SNATAM KAUR KHALSA is an American singer, peace activist, author of the book Original Light – The morning practice of kundalini yoga. She has an amazing ability to transform traditional Sikh chants of India into a contemporary sound that appeals to the modern ear and awakens an ancient yearning in the soul.
For over thirty years, she studied with and grew up in the presence of her spiritual teacher, the Sikh guru Yogi Bhajan, while he was in his physical form, learning the essence of Naad Yoga, a form of yoga focusing on sacred sound. At the core of this practice is an essential experience of peace and healing which has helped her music to be accessible to people of all walks of life. She has taught and shared Naad Yoga and Kundalini Yoga and meditation through her recorded CDs, concerts, and workshops for the past sixteen years as a part of her commitment to give people tools for a daily experience of inner peace. Her new book (Original Light – The morning practice of kundalini yoga ) is a compassionate and supportive guide to creating a personal daily spiritual practice.
Snatam Kaur Khalsa was born 1972 in Trinidad, Colorado. The surname “Kaur”, meaning “princess”, is shared by all female Sikhs. When Snatam was six, the family went to India where her mother studied kirtan. During her childhood, she played kirtan with her mother in Sikh temples and at Sikh religious ceremonies. She attended Tamalpais High School in Mill Valley, where she played violin in the school orchestra and began songwriting. After graduating, Snatam attended Mills College in Oakland, California, receiving a bachelor’s degree in biochemistry. She then returned to India to study kirtan under her mother’s teacher, Bhai Hari Singh. In 1997, Kaur began a career as a food technologist with Peace Cereals in Eugene, Oregon.
From 2000 she dedicated herself to sharing devotional music and spiritual practice. In 2000, Kaur signed with Spirit Voyage Records — the founder of which, Guru Ganesha Singh Khalsa, became her manager and guitarist. From now on Snatam Kaur has released more than 20 albums, and received numerous positive reviews of her concerts and CDs, especially in alternative and yogic media. In 2010, her album Essential Snatam Kaur: Sacred Chants for Healing peaked at number nine on the Billboard listing of Top New Age Music Albums. Snatam Kaur’s career also received a boost when it became known that her music was a favorite of Oprah Winfrey.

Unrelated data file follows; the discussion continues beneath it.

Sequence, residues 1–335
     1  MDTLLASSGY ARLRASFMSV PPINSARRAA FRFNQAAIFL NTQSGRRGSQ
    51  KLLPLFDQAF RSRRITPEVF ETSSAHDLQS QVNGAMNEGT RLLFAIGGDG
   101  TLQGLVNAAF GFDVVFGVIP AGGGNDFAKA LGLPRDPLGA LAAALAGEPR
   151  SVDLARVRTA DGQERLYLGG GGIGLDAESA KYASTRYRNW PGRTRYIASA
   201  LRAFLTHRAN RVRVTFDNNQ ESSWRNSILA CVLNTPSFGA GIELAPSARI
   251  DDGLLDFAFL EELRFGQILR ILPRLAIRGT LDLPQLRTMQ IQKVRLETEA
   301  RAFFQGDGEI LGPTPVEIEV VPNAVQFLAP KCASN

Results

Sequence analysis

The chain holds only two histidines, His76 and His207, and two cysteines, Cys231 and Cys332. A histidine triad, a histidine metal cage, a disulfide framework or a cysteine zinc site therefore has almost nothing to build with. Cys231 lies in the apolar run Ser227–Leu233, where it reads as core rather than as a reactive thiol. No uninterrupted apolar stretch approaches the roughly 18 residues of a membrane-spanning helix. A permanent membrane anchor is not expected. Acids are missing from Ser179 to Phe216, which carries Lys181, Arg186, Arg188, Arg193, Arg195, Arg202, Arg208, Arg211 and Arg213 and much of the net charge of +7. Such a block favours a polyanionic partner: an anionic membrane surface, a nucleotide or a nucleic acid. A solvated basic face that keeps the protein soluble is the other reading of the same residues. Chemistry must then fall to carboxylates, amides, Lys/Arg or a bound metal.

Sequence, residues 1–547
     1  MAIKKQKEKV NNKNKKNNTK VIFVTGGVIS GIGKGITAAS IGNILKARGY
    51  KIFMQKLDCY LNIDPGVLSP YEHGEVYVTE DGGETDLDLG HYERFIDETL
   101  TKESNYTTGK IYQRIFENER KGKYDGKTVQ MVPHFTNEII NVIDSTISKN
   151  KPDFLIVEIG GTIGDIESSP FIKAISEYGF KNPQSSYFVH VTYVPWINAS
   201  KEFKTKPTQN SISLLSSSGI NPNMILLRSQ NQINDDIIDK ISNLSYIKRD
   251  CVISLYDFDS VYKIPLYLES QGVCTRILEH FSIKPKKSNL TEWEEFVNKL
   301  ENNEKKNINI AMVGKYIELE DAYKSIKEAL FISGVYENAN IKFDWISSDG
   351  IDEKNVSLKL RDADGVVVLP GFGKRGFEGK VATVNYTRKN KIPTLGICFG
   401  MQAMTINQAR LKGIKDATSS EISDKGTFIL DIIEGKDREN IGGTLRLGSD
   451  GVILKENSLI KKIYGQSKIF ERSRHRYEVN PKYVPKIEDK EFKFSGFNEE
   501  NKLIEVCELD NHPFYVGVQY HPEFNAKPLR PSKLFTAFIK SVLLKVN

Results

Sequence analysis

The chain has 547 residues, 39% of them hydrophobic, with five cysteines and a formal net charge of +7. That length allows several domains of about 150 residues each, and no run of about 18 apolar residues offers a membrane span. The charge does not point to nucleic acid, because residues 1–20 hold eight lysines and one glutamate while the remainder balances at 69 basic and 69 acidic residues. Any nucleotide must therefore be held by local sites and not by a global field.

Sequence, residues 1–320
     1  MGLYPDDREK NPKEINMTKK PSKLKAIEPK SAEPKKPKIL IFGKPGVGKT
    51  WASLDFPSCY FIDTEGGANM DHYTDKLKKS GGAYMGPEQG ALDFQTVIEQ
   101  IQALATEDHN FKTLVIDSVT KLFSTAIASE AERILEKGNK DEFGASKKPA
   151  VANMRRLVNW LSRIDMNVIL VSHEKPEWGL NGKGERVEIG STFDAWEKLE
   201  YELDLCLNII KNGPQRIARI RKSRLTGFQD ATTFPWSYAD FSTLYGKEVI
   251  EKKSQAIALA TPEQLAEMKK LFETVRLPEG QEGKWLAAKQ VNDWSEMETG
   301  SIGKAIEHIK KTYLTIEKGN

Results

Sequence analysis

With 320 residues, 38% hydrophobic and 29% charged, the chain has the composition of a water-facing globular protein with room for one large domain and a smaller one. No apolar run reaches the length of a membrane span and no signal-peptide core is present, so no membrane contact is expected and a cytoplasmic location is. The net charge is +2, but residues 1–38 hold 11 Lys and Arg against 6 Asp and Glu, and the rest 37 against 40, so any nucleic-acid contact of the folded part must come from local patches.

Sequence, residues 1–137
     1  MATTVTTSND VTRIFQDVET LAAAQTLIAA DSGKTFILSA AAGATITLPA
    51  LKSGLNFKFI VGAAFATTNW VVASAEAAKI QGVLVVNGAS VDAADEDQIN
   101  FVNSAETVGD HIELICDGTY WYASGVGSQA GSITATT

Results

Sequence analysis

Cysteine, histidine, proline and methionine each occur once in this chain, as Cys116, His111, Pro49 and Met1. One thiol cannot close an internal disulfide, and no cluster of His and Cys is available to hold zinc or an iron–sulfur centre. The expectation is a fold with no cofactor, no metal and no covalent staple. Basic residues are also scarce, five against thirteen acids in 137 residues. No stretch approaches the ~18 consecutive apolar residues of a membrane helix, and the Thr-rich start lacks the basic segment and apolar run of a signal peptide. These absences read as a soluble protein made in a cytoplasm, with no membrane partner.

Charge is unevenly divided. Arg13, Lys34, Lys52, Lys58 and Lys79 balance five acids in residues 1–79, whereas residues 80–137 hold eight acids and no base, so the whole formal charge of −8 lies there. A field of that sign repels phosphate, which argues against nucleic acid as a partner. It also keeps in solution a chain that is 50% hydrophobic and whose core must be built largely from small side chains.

Snatam, being engaged to Sikh tradition and Kundalini Yoga practice, is working to create a better world in many ways. Sikhism is a way of life that includes devoting time to meditating on God and the scriptures, chanting, and living life in a way that benefits other people and the world. In her music and performances she often uses traditional Sikh mantras as well as yogic breathing and other practices. She as initiated Sikh wears a turban which is important and meaningful part of Sikh identity.
From 2003 to 2009 Snatam Kaur spent much of each year on the “Celebrate Peace tour”, which included performances at schools, hospices, juvenile detention centers, and other facilities. Kaur is a featured teacher and “Peace Ambassador” for the 3HO Foundation (a non-governmental organization affiliated with the United Nations since 1996).
Snatam lives in the United States with her husband Sopurkh Singh, whom she married in January 2006, and their daughter, Jap Preet Kaur. Since the birth of her daughter, Snatam Kaur has considerably scaled down her performances, though she still comes out for the Sat Nam Fest Kundalini Yoga and Music Festivals held annually in Pennsylvania, California and Mexico.
SACRED CHANT CONCERT
WITH SNATAM KAUR AND FRIENDS
Concert, chantfest, musical group meditation, melodious yoga class… how best to describe a live performance bySnatam Kaur and her band? It’s all of these things and more. Crystalline and radiant, Snatam’s voice is redolent of the simple yet powerful truth of the heart.
Snatam’s divinely melodic songs based on traditional Sikh mantras are augmented by simple, heartfelt English verses that express the meanings these sacred syllables hold and help the audience forge their own emotional connection.
Snatam accompanies herself on harmonium (Indian pump organ), as well as violin and guitar. The harmonium and tablas ground the sound in Punjabi Sikh musical tradition, but the music also has a decidedly Western flavor. Most of the concert songs are done in the call-and response kirtan tradition, which builds an energetic momentum that palpably fills each concert space.
Snatam often leads audiences in a round of pranayama (yogic breathing) or gets everyone on their feet for a stretching exercise that soon becomes a sacred dance. By the end of the night you will be let in on a great cosmic secret: devotional music is fun.